Top Senate Dem: Congress 'must move quickly' on artificial intelligence legislation

Senate Majority Leader Chuck Schumer of N.Y., speaks with reporters on Capitol Hill after returning from a debt ceiling meeting at the White House, Tuesday, May 16, 2023, in Washington. (AP Photo/Alex Brandon)

WASHINGTON (AP) — Senate Majority Leader Chuck Schumer says Congress “must move quickly” to regulate artificial intelligence and has convened a bipartisan group of senators to work on legislation.

Schumer says the group met on Wednesday and that his staff has already met with close to 100 CEOs, scientists and academics who deal with the technology.

“We can’t move so fast that we do flawed legislation, but there’s no time for waste or delay or sitting back,” Schumer said in opening remarks on the Senate floor Thursday. “We’ve got to move fast.”

The unusual legislative push from the Senate majority leader comes as potentially groundbreaking products like AI chatbot ChatGPT have entered the marketplace and can in many ways mimic human behavior. Those tools have generated broader concerns that they will mislead people, spread falsehoods, violate copyright protections and upend some jobs.

Last week, the head of OpenAI, the artificial intelligence company that makes ChatGPT, told a Senate panel that government intervention will be critical to mitigating the risks of increasingly powerful AI systems.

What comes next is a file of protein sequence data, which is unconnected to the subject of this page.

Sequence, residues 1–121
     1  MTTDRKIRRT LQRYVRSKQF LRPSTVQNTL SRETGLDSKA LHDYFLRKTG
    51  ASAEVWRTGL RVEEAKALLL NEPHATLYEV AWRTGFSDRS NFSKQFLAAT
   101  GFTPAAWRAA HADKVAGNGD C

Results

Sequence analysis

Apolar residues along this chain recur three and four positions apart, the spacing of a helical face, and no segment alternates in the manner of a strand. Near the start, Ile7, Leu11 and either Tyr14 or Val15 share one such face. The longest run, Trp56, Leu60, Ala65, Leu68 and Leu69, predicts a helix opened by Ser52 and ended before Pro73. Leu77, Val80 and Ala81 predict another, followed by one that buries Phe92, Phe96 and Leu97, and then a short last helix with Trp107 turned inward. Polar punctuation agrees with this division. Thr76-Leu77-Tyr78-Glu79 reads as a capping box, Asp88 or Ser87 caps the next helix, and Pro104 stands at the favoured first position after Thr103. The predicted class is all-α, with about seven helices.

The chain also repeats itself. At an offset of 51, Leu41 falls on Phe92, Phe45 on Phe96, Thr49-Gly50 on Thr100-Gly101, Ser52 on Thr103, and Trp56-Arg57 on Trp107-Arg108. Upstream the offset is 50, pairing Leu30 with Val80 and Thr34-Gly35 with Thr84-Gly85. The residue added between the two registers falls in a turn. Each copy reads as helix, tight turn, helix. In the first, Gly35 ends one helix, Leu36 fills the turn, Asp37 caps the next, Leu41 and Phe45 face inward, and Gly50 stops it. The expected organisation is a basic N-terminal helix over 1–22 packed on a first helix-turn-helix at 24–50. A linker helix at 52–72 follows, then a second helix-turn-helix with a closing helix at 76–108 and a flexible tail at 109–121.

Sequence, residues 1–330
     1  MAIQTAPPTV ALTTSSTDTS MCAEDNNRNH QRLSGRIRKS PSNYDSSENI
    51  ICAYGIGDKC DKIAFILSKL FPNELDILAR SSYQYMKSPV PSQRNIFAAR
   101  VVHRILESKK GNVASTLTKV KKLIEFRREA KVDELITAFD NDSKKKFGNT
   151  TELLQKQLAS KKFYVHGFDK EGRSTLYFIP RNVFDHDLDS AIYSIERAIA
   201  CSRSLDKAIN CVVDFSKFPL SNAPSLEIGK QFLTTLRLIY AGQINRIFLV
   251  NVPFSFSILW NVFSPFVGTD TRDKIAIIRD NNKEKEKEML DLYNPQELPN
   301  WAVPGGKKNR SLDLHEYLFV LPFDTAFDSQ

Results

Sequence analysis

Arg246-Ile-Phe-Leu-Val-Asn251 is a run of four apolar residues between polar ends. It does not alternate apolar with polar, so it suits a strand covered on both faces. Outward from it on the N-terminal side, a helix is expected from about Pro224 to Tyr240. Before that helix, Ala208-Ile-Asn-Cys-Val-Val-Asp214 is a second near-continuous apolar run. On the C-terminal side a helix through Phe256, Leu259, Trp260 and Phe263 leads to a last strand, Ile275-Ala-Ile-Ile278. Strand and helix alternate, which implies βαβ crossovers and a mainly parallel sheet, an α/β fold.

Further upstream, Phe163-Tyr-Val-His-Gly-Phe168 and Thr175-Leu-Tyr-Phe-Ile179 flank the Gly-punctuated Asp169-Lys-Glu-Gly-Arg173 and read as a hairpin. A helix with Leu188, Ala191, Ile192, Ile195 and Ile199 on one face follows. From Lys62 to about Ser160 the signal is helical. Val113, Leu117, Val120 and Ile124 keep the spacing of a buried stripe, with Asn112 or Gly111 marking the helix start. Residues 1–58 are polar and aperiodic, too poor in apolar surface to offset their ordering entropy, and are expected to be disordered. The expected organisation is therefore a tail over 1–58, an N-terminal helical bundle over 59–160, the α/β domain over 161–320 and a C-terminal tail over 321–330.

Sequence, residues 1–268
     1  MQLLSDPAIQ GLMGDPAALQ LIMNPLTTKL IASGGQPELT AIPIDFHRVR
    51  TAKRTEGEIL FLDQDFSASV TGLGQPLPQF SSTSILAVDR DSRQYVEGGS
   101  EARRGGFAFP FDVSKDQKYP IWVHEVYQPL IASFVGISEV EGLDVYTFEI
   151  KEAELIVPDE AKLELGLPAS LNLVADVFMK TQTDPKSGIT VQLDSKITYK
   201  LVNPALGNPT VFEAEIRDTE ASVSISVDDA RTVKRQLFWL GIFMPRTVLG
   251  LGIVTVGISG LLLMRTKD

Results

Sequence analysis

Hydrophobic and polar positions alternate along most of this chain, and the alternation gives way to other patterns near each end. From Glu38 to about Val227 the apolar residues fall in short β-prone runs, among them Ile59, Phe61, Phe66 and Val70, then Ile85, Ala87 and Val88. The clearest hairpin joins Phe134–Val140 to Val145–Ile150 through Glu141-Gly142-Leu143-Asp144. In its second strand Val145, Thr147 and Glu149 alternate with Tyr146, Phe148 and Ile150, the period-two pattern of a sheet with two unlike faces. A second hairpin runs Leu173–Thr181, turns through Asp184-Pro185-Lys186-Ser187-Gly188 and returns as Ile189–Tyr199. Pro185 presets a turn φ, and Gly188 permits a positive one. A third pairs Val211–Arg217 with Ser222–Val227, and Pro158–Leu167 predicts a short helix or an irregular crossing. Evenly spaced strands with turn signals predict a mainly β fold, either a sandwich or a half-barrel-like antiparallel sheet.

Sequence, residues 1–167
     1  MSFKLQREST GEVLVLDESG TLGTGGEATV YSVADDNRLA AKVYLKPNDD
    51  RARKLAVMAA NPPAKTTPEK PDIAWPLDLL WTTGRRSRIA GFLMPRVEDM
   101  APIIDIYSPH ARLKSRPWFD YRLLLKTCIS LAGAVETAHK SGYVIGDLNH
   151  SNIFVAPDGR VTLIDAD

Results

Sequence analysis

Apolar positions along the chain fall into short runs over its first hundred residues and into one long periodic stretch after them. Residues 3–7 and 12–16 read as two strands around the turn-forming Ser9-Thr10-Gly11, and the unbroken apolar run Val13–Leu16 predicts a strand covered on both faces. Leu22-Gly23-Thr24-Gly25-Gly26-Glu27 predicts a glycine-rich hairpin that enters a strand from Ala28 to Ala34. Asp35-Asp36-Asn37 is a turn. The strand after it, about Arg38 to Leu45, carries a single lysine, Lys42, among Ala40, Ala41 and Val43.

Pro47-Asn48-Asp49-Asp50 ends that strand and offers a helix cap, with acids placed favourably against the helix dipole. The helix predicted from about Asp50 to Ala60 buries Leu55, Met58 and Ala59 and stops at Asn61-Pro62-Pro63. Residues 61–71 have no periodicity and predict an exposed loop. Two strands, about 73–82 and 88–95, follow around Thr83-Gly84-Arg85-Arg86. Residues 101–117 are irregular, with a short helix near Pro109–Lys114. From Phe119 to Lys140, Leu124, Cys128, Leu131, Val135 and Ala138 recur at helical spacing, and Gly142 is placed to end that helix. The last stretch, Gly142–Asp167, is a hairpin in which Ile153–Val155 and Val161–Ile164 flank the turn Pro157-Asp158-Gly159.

“As this technology advances, we understand that people are anxious about how it could change the way we live. We are too,” OpenAI CEO Sam Altman told the Senate Judiciary Committee.

Altman proposed the formation of a U.S. or global agency that would license the most powerful AI systems and have the authority to “take that license away and ensure compliance with safety standards.”

Schumer said Congress needs to move fast because the technology is advancing so quickly. He has also expressed concerns about China’s own efforts to regulate artificial intelligence, calling that “a wake-up call to the nation."

In April, Schumer proposed a framework for legislation that would require companies to allow independent experts to review and test technologies before they are released publicly, and give users access to those results.

On Thursday, Schumer said the group of senators — including Democratic Sen. Martin Heinrich of New Mexico and Republican Sens. Mike Rounds of South Dakota and Todd Young of Indiana — decided that any approach must be bipartisan.

“If harnessed responsibly, AI has the power to do tremendous things for the public good,” Schumer said. “It can unlock unimaginable marvels in medicine, business, national security, science and so many other areas of life. But if left unchecked, AI has the power to do tremendous, tremendous harm.”